The recipe is certainly good as an introductory sourdough loaf; as it doesn’t have a very high water content compared to some recipes, it is easier to handle. But you, you can tweak it in several ways, such as adding more water for a more open texture in the baked loaf.

Full guidance for making and maintaining a starter, handling the dough, shaping and the like are below the recipe, along with ideas for flavour variations. If you are new to sourdoughs, I really recommend reading those sections first.

The recipe for standard sourdough loaves (makes 2 medium loaves)

  • 800g strong white plain flour (or a mixture of strong white and strong wholemeal: 650g white, 150g wholemeal works wonderfully)
  • 180g active starter, fed earlier that day*
  • 490ml cold water
  • 15g fine sea salt
  • fine semolina or rice flour for the bannetons/baskets

*if it is a very hot day or the kitchen is very warm, you can reduce the starter to about 90-100g or so, otherwise the dough might expand far too quickly and become hard to work with.

You will also need two medium bannetons, dusted generously with a mixture of fine semolina and/or rice flour. Or loaf tins that have been well oiled

(1) Add the flour, salt, starter and water to the bowl of an electric food mixer.

(2) Mix together to give a fairly rough dough then knead on a medium setting for about 5 minutes. Cover the bowl with a damp towel and leave for about 30 minutes.
NB: this initial kneading starts off the gluten development: essential for the structure of the bread.

(3) With lightly wet hands, do a few stretch and folds for about a minutes (see The “stretch and fold” method below). Cover with a damp cloth again and leave for about 20 minutes.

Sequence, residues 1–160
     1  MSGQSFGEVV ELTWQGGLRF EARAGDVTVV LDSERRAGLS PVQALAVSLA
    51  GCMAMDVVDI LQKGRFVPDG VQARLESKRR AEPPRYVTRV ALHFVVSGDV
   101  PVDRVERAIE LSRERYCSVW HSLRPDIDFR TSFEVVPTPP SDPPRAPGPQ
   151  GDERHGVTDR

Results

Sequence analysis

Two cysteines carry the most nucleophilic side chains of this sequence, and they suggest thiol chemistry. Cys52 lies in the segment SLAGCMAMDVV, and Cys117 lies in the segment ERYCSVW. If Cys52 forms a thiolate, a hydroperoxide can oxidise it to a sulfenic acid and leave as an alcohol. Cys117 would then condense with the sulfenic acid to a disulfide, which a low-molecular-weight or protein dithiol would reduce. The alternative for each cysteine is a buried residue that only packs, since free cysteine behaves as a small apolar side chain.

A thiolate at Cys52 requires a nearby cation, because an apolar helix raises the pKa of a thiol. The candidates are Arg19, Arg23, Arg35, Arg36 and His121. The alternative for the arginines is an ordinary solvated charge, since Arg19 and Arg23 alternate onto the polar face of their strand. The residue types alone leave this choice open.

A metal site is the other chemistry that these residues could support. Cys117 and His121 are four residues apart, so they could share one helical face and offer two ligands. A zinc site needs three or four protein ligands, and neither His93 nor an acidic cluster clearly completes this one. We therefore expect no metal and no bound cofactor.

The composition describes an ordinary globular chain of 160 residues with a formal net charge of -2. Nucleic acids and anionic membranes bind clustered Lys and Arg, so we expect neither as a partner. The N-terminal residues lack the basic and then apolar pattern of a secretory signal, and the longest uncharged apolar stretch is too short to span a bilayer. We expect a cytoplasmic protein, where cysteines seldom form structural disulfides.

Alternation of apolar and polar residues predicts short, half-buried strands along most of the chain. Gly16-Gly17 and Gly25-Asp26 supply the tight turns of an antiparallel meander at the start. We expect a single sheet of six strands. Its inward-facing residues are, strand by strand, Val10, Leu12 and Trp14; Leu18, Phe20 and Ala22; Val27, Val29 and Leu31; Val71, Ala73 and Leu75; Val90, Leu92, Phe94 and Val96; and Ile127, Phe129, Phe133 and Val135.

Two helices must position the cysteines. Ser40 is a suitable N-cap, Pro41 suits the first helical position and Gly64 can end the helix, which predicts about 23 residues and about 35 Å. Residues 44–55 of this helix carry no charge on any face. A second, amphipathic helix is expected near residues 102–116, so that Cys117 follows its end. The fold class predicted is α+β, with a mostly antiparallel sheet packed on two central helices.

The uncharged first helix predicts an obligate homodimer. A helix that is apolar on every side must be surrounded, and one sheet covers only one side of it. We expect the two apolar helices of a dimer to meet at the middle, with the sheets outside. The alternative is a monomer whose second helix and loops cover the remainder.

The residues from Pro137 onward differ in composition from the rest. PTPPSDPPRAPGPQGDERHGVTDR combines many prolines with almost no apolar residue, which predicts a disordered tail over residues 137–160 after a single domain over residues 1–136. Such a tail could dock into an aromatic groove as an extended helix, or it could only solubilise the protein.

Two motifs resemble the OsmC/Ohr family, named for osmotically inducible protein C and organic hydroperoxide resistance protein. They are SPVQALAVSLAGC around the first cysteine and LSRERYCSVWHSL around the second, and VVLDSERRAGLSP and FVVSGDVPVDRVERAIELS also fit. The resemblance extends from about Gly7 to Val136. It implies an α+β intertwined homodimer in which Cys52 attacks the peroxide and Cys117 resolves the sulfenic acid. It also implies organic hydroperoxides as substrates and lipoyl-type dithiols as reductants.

(4) Repeat until you have done 5 “stretch and fold” sessions in total, letting the dough rest for about 20 minutes between each session.
NB: the dough become more resistant to the stretches as the gluten develops. It will also become more aerated and less sticky.

(5) Cover the dough again and leave at room temperature for an hour or two. It is absolutely fine to leave it for 2-3 hours if you wish, but you can leave it even longer if aiming for a more tangy loaf.
NB: if it is too warm, keep an eye on it as you don’t want it to rise too much and get out of control as it will have lost some of its ability to rise later, once shaped. Also, if the kitchen is very warm and the dough is rising too quickly at any stage, simply pop it into the fridge to slow things down: all will be fine!

(6) Turn the dough onto a lightly floured surface and split into two. Shape each piece (see below this recipe for shaping tips).

(7) Place in the medium-sized bannetons that have been liberally sprinkled with fine semolina or rice flour, seam-side upwards and dust a little more semolina/rice flour over.
NB: if using loaf tins, oil them well and pop the dough in with the seam downwards, so you have a smooth top as they will prove and bake in those tins

(8) Leave at room temperature overnight (or about 7-8 hours in a warm kitchen) until well risen – not quite to the top of the bannetons – before popping in the fridge for about 2 hours.
NB: the chilling slows down the fermentation and rise and helps the oven-spring and makes the dough easier to score. You can chill for several more hours if you prefer a tangier loaf.

(9) Turn the oven to its highest setting until it comes to temperature. While it heats up, place a couple of solid baking trays/solid griddle pans on higher shelves (for the dough to bake on) and a solid metal roasting tray on the bottom shelf (to create steam when the dough bakes).

NB: if you only have one tray/griddle you can bake one loaf at a time: just keep the other in the fridge – still in its banneton – and it will not over-proof while the first bakes. If baking in loaf tins, you just need the solid metal roasting tray on the bottom shelf for creating steam when the dough bakes.